Buying horse with previous ulcers.... now scoped clear

butcher108

Well-Known Member
Joined
15 October 2020
Messages
178
Would you look at buying a horse that previously had ulcers? It was scoped clear in May and seller is happy to show the vet report. Said it was due to being on a big busy livery yard. It was grade 2 ulcers & treated with omperazole.
 

bouncing_ball

Well-Known Member
Joined
30 October 2012
Messages
863
Possibly. Depends if horse has been doing the work snd outings you’d want to do since July?

My horse had grade 3 gastric AND grade 3 glandular.

Same horse had kissing spine related issues, 18 months later. My vet said no point scoping as would be back. Did scope, old scars but no new ulceration.
 

poiuytrewq

Well-Known Member
Joined
3 April 2008
Messages
11,789
Location
Cotswolds
I’d consider, my loan horse had ulcers due to a dental problem.
Both fixed and although he’s now back with his owners it’s not been a problem since.
 

foxy

Well-Known Member
Joined
3 January 2011
Messages
270
Location
Yorkshire
Nope, mine was scoped last year and had grade 4 ulcers, treated, they went initially and then came back 6 wks later. Fast forward 12 months I have had to fight to get taken seriously by the vet (not my usual one) but the equine hospital I was referred to. He has just had the op for kissing spines ...I would never consider a horse with ulcers as I agree with GS and YCBM there is always an underlying issue
 

ycbm

Well-Known Member
Joined
30 January 2015
Messages
37,948
One of mine was also kissing spines. Ulcer issues for a year, then a KS diagnosis. In another, ulcery issues treated with aloe successfully for a few months, then an arthritis diagnosis.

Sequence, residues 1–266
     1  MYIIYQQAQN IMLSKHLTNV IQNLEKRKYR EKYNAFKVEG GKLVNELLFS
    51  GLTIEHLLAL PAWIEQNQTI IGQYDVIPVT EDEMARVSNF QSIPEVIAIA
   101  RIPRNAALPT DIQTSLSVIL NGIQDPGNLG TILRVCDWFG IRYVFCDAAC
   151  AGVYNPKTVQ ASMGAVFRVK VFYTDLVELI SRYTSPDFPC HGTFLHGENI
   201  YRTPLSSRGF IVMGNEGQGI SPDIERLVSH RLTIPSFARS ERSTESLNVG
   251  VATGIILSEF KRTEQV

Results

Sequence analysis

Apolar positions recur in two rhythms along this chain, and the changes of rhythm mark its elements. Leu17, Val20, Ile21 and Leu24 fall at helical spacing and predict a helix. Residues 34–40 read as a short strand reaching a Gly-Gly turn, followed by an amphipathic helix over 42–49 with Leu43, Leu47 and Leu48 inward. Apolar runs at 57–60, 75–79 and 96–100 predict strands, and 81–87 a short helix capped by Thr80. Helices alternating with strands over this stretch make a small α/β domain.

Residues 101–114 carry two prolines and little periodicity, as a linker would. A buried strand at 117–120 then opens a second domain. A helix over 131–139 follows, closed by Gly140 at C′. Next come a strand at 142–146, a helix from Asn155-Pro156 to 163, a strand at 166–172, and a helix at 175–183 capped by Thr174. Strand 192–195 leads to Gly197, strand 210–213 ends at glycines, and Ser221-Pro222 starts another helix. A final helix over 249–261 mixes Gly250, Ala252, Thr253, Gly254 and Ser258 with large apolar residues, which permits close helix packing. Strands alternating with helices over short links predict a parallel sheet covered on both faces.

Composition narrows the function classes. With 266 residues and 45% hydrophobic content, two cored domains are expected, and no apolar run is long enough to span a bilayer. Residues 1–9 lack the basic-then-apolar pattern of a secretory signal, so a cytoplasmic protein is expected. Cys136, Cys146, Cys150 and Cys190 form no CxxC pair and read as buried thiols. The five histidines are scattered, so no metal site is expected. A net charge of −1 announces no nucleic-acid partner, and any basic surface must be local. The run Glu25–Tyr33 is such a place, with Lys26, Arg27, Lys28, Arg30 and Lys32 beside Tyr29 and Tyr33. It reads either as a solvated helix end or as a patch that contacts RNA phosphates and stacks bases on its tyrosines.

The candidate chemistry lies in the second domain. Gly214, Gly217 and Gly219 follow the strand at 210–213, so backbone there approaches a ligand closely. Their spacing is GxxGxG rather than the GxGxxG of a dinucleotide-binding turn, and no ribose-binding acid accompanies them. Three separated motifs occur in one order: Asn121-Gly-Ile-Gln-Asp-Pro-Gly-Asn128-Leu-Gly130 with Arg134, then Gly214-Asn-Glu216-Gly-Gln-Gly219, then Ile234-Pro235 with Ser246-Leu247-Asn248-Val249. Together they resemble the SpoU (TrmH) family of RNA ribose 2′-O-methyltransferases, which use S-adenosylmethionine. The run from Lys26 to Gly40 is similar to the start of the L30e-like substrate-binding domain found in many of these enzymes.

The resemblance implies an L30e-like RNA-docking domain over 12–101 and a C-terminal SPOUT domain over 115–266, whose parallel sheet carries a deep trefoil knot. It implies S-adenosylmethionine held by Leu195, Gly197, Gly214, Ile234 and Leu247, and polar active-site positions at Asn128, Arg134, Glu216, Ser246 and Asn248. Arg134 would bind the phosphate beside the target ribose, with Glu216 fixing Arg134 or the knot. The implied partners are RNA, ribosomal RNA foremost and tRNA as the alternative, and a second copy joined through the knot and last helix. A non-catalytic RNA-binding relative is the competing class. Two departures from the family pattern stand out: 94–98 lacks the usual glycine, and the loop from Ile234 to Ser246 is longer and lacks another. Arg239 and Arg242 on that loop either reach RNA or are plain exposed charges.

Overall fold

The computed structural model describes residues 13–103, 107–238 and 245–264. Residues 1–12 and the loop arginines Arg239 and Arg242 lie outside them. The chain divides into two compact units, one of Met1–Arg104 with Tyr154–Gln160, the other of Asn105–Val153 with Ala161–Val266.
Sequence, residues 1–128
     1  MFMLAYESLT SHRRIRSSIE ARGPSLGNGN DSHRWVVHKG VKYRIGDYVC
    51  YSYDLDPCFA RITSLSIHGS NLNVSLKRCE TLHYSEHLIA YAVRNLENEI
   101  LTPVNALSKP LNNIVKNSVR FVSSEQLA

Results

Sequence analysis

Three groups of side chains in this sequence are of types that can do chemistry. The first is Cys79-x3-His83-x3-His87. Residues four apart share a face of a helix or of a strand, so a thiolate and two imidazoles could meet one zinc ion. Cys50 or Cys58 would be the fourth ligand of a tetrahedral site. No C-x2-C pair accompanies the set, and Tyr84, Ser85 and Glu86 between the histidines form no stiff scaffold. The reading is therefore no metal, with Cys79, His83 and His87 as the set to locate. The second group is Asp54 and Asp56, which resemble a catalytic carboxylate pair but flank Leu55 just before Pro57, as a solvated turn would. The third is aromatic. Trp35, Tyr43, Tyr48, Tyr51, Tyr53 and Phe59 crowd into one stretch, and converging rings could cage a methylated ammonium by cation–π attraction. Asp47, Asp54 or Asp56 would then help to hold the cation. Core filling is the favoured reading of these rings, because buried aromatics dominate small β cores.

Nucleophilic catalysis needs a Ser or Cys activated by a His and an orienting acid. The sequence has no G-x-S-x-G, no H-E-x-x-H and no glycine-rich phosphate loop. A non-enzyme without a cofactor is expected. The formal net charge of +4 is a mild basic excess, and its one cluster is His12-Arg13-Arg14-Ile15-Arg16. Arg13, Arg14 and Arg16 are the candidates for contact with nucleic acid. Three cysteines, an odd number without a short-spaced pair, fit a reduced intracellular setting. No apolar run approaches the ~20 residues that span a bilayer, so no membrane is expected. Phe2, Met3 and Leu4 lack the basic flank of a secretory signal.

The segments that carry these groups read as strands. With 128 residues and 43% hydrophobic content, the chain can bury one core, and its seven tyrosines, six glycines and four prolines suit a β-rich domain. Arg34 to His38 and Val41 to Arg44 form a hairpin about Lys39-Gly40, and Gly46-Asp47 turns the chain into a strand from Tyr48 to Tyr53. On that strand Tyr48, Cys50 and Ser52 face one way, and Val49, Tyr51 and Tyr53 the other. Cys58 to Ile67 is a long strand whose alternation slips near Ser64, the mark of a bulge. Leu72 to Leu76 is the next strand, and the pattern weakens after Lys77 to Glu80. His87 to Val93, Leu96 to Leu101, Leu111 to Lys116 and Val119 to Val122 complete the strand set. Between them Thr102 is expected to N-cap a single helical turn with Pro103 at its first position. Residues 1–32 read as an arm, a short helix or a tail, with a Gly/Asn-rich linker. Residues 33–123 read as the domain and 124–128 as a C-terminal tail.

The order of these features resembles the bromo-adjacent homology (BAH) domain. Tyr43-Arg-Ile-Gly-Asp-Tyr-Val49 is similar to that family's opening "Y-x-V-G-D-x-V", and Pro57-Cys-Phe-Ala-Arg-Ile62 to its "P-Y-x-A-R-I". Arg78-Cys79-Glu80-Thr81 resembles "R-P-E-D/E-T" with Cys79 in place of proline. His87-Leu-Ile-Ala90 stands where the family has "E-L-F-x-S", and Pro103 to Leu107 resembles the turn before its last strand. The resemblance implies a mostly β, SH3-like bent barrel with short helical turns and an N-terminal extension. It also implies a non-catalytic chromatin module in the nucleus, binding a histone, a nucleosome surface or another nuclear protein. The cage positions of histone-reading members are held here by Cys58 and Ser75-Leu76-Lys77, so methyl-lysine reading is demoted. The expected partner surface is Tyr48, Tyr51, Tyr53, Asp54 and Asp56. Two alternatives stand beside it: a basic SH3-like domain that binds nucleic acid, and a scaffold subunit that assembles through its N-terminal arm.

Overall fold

Muddywellies

Well-Known Member
Joined
22 July 2007
Messages
1,372
Quite honestly you'd struggle to find a horse without ulcers, whether diagnosed or undiagnosed. Having worked closely with three vets over the past three years or so with my ulcer prone horse, I've learnt an awful lot. It's a myth that they are caused by pain. Google the study that was done on EGUS, when an established herd was separated. Quite an interesting read. Indeed, my own mare is a true worrier, and it was deemed to be stress that was causing the ulcers.
I probably would buy a horse that had previously had ulcers as long as the cause had been established. You would just have to learn how to manage them and accept the fact that you could never claim on your insurance should they ever return (pre existing condition).
 

JanetGeorge

Well-Known Member
Joined
25 June 2001
Messages
7,002
Location
Shropshire/Worcs. borders
It’s my opinion that most ulcers are caused by pain from undiagnosed soundness issues .
I would proceed with extreme caution .
That is often correct, Goldenstar, but there are other reasons. Starting with the stress of weaning, then castration issues, followed by not enough turnout, not enough hay/haylage and too much concentrates. Then - once backed - ill fitting saddles and being pushed are also very possible causes. A couple of years ago I took back a mare sold 2 years earlier. The twit of an owner had spent £1500 on a new saddle and thought SHE could do the fitting! She couldn't, of course, and the mare came back as a 'fix and sell', sell as brood mare, or PTS, because she'd turned into a bucking bronco!! I didn't even bother to test her droppings for blood - her behaviour was VERY convincing! So put her straight onto Acid Ease, turn-out 23 hours a day. It was 4 weeks before the improvement was sufficient to start lunging her with a roller, then with a saddle: and another 4 weeks befor we rode her. After 8 weeks she was tested and was all clear, although still tense on mounting. She also showed intermitted off hind lameness - not BAD - but enough to cause her to fail a vetting. The lameness went as long as she was ridden forward on a light contact. It was 12 weeks before she passed a 5 stage vetting for an owner who'd had her entire history! A BIT of seperation anxiety for the first week in her new home - after that - all was well!
 

HobleytheTB

Well-Known Member
Joined
9 November 2018
Messages
192
If horse had been clear for several years since, and doing the work I wanted to do with it currently, then I'd say yes. I'd also want a clear cause, e.g. pain issue, no turn out etc. I'd be less inclined if it's only been clear since May, as that's not all that long in the grand scheme of ulcers.
 
Top